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Généralités: Histoire, thèmes et particularités


Durant un week-end dans la superbe propriété suédoise de Mme Armfeldt, des couples vont se défaire, se réunir, dans une comédie romantique acerbe. Désirée, l’actrice, désire faire sa vie avec son ancien amant, l’avocat Fredrik Egerman, actuellement l’époux d’une jeune vierge Anne. Cette dernière est éprise, sans le savoir, de Henrik, le fils de son mari. Henrik, austère, désire connaître les plaisirs de la chair avec la bonne Petra, qui tombe amoureuse d’un maître d’hôtel. Enfin, Charlotte, amie d’Anne et épouse de Carl-Magnus, un militaire actuel amant de Désirée, veut reconquérir son époux. Tout se remettra en place grâce aux stratagèmes conjugués des uns et des autres, et avec l’aide des sourires magiques d’une nuit d’été…

Synopsis complet


Historique du musical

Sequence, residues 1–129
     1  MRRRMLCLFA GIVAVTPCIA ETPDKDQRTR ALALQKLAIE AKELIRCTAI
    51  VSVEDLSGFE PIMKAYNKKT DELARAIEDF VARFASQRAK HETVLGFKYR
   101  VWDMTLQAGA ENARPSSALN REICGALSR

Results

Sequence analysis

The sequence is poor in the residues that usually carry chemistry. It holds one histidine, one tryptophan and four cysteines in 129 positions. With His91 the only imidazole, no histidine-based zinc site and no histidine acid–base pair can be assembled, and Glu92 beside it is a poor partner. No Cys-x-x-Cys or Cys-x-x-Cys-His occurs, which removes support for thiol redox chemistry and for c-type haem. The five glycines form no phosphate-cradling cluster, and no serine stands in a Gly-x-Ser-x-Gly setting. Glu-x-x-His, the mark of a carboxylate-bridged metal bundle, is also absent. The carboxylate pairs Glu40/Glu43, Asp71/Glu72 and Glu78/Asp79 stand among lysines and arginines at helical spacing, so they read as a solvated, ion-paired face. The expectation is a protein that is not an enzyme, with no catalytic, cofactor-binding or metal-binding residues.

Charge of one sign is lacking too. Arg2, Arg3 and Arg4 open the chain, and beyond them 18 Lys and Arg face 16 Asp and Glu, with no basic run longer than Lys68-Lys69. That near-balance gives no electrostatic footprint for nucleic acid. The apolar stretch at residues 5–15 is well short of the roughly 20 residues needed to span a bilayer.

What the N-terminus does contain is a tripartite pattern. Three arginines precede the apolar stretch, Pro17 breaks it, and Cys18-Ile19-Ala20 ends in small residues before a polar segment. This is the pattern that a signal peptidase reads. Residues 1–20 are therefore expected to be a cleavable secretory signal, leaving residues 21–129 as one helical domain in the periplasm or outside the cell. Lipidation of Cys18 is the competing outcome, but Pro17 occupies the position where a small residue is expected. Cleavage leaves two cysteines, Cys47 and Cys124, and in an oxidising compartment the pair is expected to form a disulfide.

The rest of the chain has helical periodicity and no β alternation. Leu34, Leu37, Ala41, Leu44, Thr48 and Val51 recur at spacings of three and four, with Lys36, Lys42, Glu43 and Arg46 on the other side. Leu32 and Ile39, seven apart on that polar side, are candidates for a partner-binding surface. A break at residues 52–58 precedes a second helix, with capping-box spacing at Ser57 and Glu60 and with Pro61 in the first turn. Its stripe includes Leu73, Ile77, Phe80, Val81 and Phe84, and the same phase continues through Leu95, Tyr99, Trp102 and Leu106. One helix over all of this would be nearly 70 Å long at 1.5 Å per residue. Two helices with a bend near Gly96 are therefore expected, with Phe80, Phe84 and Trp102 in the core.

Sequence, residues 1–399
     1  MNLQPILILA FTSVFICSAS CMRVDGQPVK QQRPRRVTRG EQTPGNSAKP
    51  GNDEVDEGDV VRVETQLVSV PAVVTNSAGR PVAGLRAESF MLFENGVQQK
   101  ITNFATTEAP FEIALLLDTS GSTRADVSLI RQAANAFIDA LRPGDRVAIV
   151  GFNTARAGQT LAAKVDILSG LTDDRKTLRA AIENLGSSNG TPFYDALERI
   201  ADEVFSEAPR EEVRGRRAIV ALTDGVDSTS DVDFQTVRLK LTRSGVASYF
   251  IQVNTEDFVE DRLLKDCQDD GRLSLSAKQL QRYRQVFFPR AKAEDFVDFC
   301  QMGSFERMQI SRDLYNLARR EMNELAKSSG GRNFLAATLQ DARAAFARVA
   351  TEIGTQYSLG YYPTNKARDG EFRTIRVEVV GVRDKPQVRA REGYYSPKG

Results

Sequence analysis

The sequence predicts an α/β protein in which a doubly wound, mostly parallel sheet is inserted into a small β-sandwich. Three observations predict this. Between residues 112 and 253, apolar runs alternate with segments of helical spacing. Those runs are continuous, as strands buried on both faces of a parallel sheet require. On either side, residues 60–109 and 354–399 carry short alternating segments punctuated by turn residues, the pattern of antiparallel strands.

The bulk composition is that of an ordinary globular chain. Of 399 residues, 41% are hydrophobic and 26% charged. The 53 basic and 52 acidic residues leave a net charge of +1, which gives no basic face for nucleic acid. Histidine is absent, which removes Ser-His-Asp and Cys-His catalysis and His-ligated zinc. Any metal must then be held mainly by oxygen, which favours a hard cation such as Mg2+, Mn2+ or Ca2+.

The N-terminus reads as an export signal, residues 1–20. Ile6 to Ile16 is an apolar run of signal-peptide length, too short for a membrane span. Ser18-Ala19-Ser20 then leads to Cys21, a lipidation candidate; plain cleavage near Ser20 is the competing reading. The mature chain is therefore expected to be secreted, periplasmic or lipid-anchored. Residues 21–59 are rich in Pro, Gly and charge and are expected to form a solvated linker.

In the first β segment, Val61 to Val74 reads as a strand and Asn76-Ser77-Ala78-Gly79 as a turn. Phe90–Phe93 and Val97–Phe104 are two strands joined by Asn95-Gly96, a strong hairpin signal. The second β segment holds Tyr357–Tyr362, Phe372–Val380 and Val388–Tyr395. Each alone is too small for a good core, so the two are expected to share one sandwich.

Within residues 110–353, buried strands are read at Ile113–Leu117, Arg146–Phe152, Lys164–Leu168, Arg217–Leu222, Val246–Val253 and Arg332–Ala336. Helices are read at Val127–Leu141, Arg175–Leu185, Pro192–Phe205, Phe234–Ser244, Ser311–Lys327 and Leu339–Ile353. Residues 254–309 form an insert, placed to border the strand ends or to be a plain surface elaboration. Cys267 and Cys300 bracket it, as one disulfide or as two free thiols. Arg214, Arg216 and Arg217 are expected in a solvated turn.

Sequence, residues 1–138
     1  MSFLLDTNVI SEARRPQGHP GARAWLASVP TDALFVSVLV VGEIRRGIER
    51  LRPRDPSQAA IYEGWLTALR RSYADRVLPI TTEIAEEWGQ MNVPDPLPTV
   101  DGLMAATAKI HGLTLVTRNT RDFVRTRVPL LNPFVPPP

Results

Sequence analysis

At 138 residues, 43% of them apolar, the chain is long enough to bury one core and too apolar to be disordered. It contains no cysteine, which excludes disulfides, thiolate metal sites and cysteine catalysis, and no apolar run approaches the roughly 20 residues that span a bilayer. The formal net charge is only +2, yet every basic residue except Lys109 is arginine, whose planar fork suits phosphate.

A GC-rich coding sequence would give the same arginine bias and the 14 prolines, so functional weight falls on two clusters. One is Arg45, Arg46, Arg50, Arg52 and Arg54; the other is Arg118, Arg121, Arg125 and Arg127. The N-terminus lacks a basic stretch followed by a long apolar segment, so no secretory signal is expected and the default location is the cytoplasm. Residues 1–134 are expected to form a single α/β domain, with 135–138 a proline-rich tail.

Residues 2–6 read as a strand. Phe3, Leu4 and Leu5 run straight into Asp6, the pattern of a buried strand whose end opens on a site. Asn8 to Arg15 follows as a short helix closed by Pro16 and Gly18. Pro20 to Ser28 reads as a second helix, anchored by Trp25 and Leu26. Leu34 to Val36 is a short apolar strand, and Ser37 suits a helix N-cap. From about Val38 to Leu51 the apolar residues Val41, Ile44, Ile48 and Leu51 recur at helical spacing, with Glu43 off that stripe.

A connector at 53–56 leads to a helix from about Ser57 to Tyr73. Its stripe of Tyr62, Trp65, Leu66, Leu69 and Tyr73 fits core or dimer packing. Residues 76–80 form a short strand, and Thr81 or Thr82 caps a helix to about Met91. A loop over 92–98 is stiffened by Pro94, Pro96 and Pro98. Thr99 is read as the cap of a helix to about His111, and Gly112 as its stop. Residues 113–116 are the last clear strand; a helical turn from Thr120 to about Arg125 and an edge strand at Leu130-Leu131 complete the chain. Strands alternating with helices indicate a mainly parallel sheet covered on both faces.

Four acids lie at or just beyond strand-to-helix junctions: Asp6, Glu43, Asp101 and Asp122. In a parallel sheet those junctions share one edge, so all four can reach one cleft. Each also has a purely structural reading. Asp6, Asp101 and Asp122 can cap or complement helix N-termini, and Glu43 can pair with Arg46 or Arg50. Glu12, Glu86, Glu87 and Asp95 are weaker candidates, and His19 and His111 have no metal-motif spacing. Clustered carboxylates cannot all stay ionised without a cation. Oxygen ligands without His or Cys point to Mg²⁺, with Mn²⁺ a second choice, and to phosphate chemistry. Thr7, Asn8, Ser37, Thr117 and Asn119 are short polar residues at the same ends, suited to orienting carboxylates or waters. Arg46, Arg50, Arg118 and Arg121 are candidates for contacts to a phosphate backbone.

Ce spectacle est basé sur le film "Smiles of a Summer Night" de Ingmar Bergman.

Génèse du musical

Original Broadway production
A Little Night Music opened on Broadway at the Shubert Theatre on February 25, 1973, and closed on August 3, 1974 after 601 performances and 12 previews. It moved to the Majestic Theatre on September 17, 1973 where it completed its run. It was directed by Harold Prince with choreography by Patricia Birch and design by Boris Aronson. The cast included Glynis Johns (Desiree Armfeldt), Len Cariou (Fredrik Egerman), Hermione Gingold (Madame Armfeldt), Victoria Mallory, Judith Kahan, Mark Lambert, Laurence Guittard, Patricia Elliott, George Lee Andrews, and D. Jamin Bartlett. It won the New York Drama Critics' Circle Award and the Tony Award for Best Musical.